The confidence to try out new ideas can be nurtured in a home situation that encourages innovation and allows failure. All homes should have some space that's friendly to kids' experimentation plus the patience to see that creative activity through to a meaningful, if not necessarily always successful, conclusion.
BOB EATON, chairman, Chrysler Corp.
6. Make music.
You can educate your child in music by getting some recordings, going to a concert, letting the child study an instrument. Don't make him, or her feel it's necessary to be a virtuoso. When our kids were growing up, we would have 20 minutes of record-playing after dinner, where we'd play 10 minutes of classical music and then 10 minutes of the Beatles. Then we'd mix the stuff up.
ITZHAK PERLMAN, violinist and father of five.
7. Teach with the newspaper.
For a younger reader: Let your child use the weather map to choose appropriate clothes for the day and see what the weather's like where Grandpa lives. Cut the dialogue balloons off comic strips, then ask your child to tell a story based on the pictures alone.
For an older reader: Find stories that express two perspectives on an issue, and discuss both. Look through the entertainment section and have your child figure the cost of a family night out.
PAT SCANLON AND KATHY JONES, team teachers, Albuquerque, NM
8. Schedule TV time.
Schedule things so that when an appropriate program is on, your children can watch it. This is better than just letting them see whatever happens to catch their fancy.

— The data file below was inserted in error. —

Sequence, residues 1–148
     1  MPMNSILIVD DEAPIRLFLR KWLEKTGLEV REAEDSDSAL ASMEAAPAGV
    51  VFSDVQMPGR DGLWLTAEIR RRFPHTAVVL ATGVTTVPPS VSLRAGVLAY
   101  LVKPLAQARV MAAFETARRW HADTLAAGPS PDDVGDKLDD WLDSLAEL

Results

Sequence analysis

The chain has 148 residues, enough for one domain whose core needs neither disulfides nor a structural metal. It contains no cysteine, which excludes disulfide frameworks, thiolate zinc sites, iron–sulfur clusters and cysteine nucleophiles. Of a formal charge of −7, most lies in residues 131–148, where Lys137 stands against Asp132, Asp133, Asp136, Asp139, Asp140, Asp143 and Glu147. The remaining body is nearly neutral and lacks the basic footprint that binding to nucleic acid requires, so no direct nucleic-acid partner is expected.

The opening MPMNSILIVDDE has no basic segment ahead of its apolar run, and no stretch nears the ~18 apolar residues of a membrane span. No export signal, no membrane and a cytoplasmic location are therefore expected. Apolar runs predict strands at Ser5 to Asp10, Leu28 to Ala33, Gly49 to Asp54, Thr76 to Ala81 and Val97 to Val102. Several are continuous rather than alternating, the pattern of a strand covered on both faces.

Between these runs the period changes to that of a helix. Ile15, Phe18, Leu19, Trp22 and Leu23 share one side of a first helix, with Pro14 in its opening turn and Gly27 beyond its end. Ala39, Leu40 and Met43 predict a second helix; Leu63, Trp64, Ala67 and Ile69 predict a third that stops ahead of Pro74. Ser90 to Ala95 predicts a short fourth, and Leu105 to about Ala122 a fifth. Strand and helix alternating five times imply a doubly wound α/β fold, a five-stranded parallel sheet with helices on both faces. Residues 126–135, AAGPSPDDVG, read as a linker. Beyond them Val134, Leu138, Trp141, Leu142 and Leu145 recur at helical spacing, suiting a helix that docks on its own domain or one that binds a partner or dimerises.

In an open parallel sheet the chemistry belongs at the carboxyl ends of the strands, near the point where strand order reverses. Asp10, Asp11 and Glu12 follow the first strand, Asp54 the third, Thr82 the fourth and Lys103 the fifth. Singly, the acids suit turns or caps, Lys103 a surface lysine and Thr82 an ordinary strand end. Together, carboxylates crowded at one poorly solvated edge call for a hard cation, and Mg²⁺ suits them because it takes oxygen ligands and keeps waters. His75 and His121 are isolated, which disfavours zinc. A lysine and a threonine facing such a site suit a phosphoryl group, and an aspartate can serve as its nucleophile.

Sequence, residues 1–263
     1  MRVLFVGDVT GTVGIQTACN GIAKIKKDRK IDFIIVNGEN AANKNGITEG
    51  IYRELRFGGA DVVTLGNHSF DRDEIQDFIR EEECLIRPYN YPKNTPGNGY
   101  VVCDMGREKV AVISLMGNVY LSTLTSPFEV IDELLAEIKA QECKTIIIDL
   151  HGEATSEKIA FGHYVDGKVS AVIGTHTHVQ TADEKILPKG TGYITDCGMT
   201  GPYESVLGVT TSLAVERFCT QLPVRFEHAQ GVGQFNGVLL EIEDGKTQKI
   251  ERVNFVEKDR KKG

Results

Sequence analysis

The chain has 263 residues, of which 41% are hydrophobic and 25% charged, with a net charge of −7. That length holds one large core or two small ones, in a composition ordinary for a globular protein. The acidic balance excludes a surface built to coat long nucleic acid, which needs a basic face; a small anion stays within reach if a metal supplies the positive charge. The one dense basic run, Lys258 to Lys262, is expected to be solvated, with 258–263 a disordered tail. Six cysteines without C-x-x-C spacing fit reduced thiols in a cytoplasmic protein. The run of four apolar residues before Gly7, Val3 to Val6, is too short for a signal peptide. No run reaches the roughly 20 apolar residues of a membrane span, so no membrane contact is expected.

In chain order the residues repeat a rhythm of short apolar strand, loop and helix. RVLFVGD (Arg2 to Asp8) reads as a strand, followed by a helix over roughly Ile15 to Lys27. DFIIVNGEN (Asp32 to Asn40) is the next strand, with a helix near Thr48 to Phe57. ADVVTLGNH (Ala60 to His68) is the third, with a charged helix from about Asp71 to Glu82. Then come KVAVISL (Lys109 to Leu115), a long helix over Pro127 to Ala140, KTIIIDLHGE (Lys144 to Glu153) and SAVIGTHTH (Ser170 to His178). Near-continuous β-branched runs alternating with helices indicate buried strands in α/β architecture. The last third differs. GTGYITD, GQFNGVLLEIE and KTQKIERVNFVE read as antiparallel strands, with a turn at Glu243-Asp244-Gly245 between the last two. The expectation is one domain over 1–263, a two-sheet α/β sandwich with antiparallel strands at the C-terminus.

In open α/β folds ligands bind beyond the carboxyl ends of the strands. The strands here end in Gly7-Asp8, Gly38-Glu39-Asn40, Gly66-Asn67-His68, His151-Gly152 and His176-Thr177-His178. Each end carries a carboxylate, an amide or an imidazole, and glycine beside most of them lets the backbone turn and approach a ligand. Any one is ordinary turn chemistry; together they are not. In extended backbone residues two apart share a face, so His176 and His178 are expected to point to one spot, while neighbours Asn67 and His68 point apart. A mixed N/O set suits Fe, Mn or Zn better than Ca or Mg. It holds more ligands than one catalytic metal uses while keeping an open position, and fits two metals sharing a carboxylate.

JOAN EMBERY, author of "My Wild World"(Dell, 1981)
9. Expose your child to foreign languages.
Use meals in ethnic restaurants as a starting point for discussion about how different words mean the same thing in different languages. Visit the nearest concentration of immigrants in your area.
CAROL JOYCE SWINNEY, Spanish and French teacher and Kansas Teacher of the Year, 1993
10. Teach tolerance.
Children learn by observing adults. By letting your child see you being tolerant, and making the child feel that tolerance is important, you'll encourage your youngster to respect others. Sometimes I think you have to ask your child, "How would you feel if that happened to you?"
JUDY BLUME, writer
11. Acquaint your child with the work world.
Parents need to encourage their children to hold as many different part-time and summer jobs as possible, so they can find out what they DON'T like about each one. Perhaps they'll realize they don't want to work in an office or don't want a job that requires weekend work. Or maybe they'll realize they're not cut out to be an auto mechanic.